Potato used as a cure for rheumatism.
Place details: EUROPE. United Kingdom of Great Britain and Northern Ireland / England Oxfordshire Oxford Cowley. Cultural Group: European, British, English: Local Name: Unknown. Materials: Foodstuff / Potato Starch Plant / ?. Processes: Dried / ?. Dimensions: Max L = 122 mm Maker: Unknown Field Collector: Mr Burgess? When Collected: By 1897 Other Owners: Henry Balfour PRM Source: Henry Balfour Acquired: Loaned March 1897 ?Bequeathed 1939
KEYWORD: Medicine / Amulet / CLASS: Medicine / Plant / Religion / ?.
Object description: Description taken from Conservation Card by Heather Richardson 13/06/2002 - Dried potato in a small circular glass fronted tin. Carried as a cure or rheumatism. (Heather Richardson 13/06/2002) [LKG 26/02/2009]
Publications history, trails & websites: Mentioned in Ellen Ettlinger, Folklore vol 54, no. 1, (March 1943) pp 227-249, 'Just as crampnuts, "the woody out-growths, common on beech- or ash-trees were carried in the pocket as a cure for cramp," potatoes were frequently worn against rheumatism. Some examples, used by Oxford citizens about 1900, can be found in the Pitt Rivers Museum together with the name of their owners, which I do not like to reveal, because the potatoes had to be stolen, if they were to prove curative. I am indebted to Mr James Walton for the information that "atrupine, a reputed cure for rheumatism is found in potato "Eyes" which renders some justification for the belief."[ MS "Charms against Evil and Illness" p 4]' [p.238]
Research notes: See publications below:
By atrupine Ettlinger presumably meant atropine OED online: a. A poisonous alkaloid found in the Deadly Nightshade and the seeds of the Thorn-apple. (as potatoes are related to deadly nightshade, I believe.) The poison in potatoes actually seems to be solanin or solanine:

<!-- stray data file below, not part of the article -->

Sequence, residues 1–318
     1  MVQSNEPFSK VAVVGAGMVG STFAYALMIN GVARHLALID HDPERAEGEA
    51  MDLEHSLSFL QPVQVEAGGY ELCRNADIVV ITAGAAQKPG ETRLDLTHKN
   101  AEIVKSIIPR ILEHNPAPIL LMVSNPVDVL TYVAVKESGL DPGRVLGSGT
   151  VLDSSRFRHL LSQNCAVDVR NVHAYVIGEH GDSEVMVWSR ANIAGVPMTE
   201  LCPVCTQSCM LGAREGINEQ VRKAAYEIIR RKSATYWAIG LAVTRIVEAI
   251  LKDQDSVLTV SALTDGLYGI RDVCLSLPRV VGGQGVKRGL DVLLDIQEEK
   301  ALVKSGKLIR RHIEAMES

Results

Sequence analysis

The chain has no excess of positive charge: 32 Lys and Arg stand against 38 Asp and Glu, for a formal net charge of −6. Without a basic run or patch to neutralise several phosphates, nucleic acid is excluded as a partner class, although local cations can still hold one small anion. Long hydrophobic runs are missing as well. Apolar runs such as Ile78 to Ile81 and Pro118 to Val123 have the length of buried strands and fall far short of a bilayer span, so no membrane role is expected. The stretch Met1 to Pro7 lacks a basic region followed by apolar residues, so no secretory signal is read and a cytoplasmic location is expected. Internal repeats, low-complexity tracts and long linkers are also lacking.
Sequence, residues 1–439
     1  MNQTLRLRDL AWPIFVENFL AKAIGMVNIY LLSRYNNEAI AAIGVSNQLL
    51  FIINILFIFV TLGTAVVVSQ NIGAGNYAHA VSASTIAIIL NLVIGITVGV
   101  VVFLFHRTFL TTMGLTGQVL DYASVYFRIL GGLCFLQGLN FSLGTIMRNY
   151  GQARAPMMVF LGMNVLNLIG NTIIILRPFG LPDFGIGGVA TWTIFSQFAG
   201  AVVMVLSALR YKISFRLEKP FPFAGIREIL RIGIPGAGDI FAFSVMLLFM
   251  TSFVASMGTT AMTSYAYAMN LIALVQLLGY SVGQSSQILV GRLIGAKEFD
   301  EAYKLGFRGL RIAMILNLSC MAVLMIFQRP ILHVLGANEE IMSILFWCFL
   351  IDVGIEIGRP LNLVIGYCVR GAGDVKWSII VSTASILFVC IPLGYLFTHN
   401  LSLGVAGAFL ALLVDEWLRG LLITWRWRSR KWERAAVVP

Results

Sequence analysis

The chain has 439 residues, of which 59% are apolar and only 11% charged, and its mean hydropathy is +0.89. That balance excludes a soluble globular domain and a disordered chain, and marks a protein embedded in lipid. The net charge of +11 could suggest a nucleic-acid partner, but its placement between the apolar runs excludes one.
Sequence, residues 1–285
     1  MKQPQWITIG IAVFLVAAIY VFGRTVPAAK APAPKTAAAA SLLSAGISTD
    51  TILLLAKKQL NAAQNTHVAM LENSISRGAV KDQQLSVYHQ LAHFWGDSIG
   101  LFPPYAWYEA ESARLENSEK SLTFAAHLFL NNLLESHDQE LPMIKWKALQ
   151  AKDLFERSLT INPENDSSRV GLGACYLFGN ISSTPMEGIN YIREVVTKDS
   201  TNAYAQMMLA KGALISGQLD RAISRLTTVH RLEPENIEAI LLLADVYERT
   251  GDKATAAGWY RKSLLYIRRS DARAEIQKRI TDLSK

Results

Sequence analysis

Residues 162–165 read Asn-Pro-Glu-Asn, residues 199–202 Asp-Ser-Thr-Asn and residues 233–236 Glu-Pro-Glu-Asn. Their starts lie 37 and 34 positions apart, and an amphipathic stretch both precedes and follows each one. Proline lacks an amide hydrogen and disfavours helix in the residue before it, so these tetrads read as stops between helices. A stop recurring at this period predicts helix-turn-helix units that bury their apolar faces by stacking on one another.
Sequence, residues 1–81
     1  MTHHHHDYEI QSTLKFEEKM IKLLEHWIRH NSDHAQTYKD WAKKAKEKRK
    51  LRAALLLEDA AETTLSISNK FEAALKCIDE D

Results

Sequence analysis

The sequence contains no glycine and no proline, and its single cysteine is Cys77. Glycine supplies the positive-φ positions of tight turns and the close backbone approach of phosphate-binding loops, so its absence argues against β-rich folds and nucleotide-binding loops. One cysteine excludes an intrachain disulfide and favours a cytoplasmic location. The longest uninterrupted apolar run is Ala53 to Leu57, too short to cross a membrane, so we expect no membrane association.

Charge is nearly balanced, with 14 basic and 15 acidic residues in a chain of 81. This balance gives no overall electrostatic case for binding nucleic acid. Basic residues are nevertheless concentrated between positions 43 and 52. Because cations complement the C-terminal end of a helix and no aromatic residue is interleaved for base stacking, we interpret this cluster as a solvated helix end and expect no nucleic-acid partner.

http://en.wikipedia.org/wiki/Solanine: Solanine is a glycoalkaloid poison found in species of the nightshade family. It can occur naturally in any part of the plant, including the leaves, fruit, and tubers. It is very toxic even in small quantities. Solanine has both fungicidal and pesticidal properties, and it is one of the plant's natural defenses. ... Solanine and chaconine are present in potato shoots. In potato tubers 30–80% of the solanine develops in and under the skin and thus may be removed by peeling and removing the eyes. This is advisable if the tubers show green, but is not a guarantee of safety. Potato greening strongly suggests solanine build-up although each process can occur without the other. A bitter taste in a potato may be a more reliable indicator of toxicity. ... Solanine has fungicidal and pesticidal properties, and solanine hydrochloride (a modified version of solanine) has been used as a commercial pesticide, but never on a large scale.
Solanine has sedative and anticonvulsant properties, and has been used as a treatment for asthma, as well as for cough and cold medicines. However, its effectiveness for either use is questionable.
http://library.thinkquest.org/C007974/1_1pot.htm: This plant was the potato, which contains the poisonous glycoalkaloid solanine in all its parts but mostly in the blossoms and in the fruit. Its content is extremely high when tubers are unripe or green as a result of incorrect storrage but they cannot cause poisoning because solanin decomposes when boiled.
Only the fruit, blossoms, seeds, sprouts, and sun-greened tubers may be dangerous.
They can bring about stomachache, nausea and vomiting, dizziness, psychic depression, breathing disruptions, irregular pulse and even coma in the case of high dose intake and lack of therapy.
Bearing in mind the application of the potato in our everyday life, we should not expect it to have found application in medicine [AP 27/09/2006]